The Moon is a unique scientific resource, just three days from Earth, and whose true potential is only just being realized. The Moon is an archive of Solar System and cosmic history. The Moon preserves a record of the Earth-Moon system’s formation and the context for the emergence of life on Earth. The Moon provides a reference point for planetary science across the Solar System.

This report underscores the fact that the Moon may provide resources for future space exploration missions and to expand a space economy. The Moon provides a platform from which we can observe our Universe as never before. Recent scientific results have shown that we have only just begun to understand science of, on, and from the Moon and that there is a scientific imperative to return.

The document summarizes a strategy for science at the Moon that takes advantage of mission opportunities starting in the early 2020s and prepares for comprehensive scientific activities on European-directed missions.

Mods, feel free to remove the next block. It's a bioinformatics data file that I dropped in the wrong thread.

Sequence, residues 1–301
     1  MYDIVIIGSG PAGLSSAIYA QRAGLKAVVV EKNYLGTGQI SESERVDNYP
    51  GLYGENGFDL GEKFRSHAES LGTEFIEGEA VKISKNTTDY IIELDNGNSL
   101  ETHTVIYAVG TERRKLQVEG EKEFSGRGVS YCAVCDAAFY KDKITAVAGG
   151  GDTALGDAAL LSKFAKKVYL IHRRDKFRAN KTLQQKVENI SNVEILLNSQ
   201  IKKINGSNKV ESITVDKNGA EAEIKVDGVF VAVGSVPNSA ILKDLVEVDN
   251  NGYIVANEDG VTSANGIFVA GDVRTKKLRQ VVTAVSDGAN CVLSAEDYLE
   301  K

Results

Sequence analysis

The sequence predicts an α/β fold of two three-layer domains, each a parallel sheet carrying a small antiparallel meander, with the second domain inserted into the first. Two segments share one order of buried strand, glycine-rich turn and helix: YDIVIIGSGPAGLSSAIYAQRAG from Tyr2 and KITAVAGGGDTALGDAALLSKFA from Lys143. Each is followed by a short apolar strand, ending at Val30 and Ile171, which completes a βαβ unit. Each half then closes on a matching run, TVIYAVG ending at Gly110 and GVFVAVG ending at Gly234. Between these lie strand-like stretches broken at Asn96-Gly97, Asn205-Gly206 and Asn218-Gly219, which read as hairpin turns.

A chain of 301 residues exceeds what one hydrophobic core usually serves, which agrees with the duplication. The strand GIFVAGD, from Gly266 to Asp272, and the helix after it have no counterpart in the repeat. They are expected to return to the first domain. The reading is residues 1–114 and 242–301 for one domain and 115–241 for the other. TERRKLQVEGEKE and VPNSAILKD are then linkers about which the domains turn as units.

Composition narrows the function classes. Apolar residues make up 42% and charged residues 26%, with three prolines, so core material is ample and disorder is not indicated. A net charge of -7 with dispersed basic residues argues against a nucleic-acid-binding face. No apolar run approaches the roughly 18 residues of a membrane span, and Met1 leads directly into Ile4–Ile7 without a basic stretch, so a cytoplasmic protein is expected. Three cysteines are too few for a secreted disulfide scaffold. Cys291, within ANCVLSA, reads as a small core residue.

For the report — ESA STRATEGY FOR SCIENCE AT THE MOON – go to:

The Japan Aerospace Exploration Agency’s (JAXA) Hayabusa2 asteroid probe is slated to perform a Pinpoint Touchdown – Target Marker operation from May 28-30.

Preparation for the descent above asteroid Ryugu will take place on May 28 and the spacecraft will start the descent on May 29. On the same day, the spacecraft’s speed will be reduced and the descent will reach an altitude above the space rock of about 115 feet (35 meters) on May 30, and then to roughly 33 feet (10 meters), the lowest point.

Surface of asteroid Ryugu around the artificial crater. The target marker will be dropped in area CO1, near area SO1.
Credit: JAXA, University of Tokyo, Kochi University, Rikkyo University, Nagoya University, Chiba Institute of Technology, Meiji University, University of Aizu, AIST

A highly reflective target marker will be separated just before the lowest altitude is reached. That marker on the asteroid’s surface is prelude to an attempted second sample extraction mission.